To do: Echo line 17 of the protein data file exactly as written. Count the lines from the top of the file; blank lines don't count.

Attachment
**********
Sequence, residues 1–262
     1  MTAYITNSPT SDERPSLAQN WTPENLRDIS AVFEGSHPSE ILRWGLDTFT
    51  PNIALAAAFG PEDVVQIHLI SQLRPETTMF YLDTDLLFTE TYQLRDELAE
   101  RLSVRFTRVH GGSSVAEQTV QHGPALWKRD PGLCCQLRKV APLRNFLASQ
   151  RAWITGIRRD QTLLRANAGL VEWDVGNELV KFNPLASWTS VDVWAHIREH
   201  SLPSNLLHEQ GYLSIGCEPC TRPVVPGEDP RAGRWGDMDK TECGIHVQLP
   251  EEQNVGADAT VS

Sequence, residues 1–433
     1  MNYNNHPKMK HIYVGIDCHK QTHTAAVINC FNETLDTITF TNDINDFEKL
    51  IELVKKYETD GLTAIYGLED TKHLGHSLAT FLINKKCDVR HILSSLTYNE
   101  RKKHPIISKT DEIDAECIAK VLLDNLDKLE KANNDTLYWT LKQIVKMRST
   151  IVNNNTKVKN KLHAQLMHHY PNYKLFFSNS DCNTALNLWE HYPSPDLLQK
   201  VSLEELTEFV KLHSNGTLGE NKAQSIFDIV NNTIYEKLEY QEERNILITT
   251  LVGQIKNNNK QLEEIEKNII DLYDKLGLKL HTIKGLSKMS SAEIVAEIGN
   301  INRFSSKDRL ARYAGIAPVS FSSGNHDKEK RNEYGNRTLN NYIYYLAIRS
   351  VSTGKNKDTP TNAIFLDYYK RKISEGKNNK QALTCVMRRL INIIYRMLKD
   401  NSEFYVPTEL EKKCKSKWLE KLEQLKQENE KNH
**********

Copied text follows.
   401  NSEFYVPTEL EKKCKSKWLE KLEQLKQENE KNH